I’m trying to do something I do regularly with “the big laser”, which is to trace the outline of the work and then go just a bit past that when I want to slice the object in half or otherwise to a border without wasting material, perhaps because the material is actually already a bit too small and I can’t afford to waste any. I have tried placing a rectangle or a line and then drawing it right to the edges, but the software “helpfully” rejects it even though I have plenty of space on all sides on the crumb plate, and within the laser head’s known travel limits. I know about manual mode but that seems to have no “ignore X/Y limits” so I think this is something different.
The specific problem I’m trying to solve, if it helps, is to create an insert plate for a window for the exhaust duct. I’ve 3D printed the duct, now I need to put a plate around it to block the exhaust from blowing back. My stock is just wide enough to fit the window so I don’t want to cut anything off the X axis, just the Y axis, since I don’t need it more than 8 inches tall. Make sense? I searched the “Tips and Tricks” section thoroughly and couldn’t find anything.
Sure. When I create a rectangle that will serve as the cut (or, for that matter, a line) and drag its edges to the boundaries of the work (the interior red lines, which I have determined by aligning with some markers on the work are where the laser actually fires) then the laser simply won’t process that layer - it’s like some safety feature is kicking on even though there’s plenty of room on the crumb tray.
Another indicator: When you drag the image to the edges, if it’s the only object you have enabled, the UI also says “No artwork” even though there’s clearly artwork. When you drag it back onto the object, even though it’s not the edge of the object, suddenly there is “artwork” again.
Ah, there is. You have encountered the workspace limits which are shown on your screen as lighter gray transparent bars. Space available is always smaller than the crumb tray. This available area can also change size depending on artwork and settings - for example: can shrink dramatically with engraves at higher speeds.
If the GFUI says “no artwork” then a portion of your artwork is out of bounds and you need to move it back in bounds.
Ah. You’ve run into the “edge of the world”. If you look at the interface, there’s a “grayed out” area at the edges of the camera view. That indicates places that the laser can’t physically access. Now SOMETIMES if you use a slower speed and less power, you can make the accessible area larger, because the Glowforge takes into account braking/acceleration time when it calculates that area.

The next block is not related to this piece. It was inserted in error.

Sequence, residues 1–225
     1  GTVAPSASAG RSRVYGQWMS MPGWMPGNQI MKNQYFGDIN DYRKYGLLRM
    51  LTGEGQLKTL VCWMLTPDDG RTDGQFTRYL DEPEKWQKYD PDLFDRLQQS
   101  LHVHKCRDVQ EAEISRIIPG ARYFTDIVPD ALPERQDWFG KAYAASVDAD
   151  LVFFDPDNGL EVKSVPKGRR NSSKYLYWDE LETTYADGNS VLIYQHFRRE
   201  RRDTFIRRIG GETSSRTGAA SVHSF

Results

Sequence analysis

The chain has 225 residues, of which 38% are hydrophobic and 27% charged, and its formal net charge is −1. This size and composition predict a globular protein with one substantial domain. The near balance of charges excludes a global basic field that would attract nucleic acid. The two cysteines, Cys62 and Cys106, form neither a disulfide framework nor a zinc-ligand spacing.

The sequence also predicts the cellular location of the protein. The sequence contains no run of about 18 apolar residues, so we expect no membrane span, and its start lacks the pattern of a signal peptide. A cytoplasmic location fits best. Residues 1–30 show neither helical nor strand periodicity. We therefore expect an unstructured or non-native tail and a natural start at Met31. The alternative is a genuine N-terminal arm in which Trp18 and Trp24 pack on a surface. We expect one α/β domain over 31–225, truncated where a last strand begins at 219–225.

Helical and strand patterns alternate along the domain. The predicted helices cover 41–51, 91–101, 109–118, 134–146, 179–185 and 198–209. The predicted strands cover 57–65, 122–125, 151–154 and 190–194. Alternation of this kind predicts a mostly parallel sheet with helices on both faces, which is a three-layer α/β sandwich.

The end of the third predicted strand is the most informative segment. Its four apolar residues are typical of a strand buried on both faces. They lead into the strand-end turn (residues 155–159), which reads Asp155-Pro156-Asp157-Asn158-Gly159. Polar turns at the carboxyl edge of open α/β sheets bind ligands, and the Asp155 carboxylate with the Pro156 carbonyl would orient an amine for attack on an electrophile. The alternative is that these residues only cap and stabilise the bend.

A slower-moving head needs less space to stop, so it lets you get a bit closer to the edge.
As far as “no artwork”, if your artwork extends past the available cutting space, that message pops up - one would assume to keep people from wasting time and material only to find that their artwork had a bit that was out of the laser’s range.
I have done this frequently as long as you do not want to cut in the “forbidden zone” with other than a horizontal line. I set all the cuts to as far as they can go, and then use a jeweler’s saw on the bits left. Or if you have a pro you can cut it rotated 90 degrees.
That’s perfect, thank you! I see by some other docs in that linked to article that the glowforge can’t “address” every portion of one of its stock pieces. This is one of those “getting used to it” things that I don’t have to deal with on my OMTech (I really need to get that back online!) but the GF bounding box layer will be an excellent guide for this. Thanks!
I know your question has been answered, but some suppliers offer sheets that are better suited to the Glowforge. Columbia Forest ply from The Home Depot is an example, but even those waste vertical space as they are 12"x19". The max cutting area on my original Pro is 19.472 W x 10.972 H, so they are a touch too narrow but an inch too tall.
Other than acrylic for “ear savers” during the start of the pandemic, I haven’t bought Glowforge Proofgrade materials in a long time. I just buy locally, and cut to the size I want. I have a “frame” I cut from a full-sized Proofgrade sheet, using the maximum-sized rectangle that will fit (per above), so if I use smaller pieces, I can drop it onto the tray and align my material with that.
More often than not, however, I am using scraps or much smaller pieces, and I’ll just grab something with parallel sides and ensure my material is close to “square” on the tray. Yesterday I was working with 4.5" tall veneer, so I grabbed a box for a product I had sitting nearby and just used that to straighten up the material relative to the front door. That put my work area directly under the lid camera.
Good plan. I have some pieces of wood in varying widths and thicknesses that I use to space projects square to the front door and under the camera. They also double as risers for times when the crumb tray is out.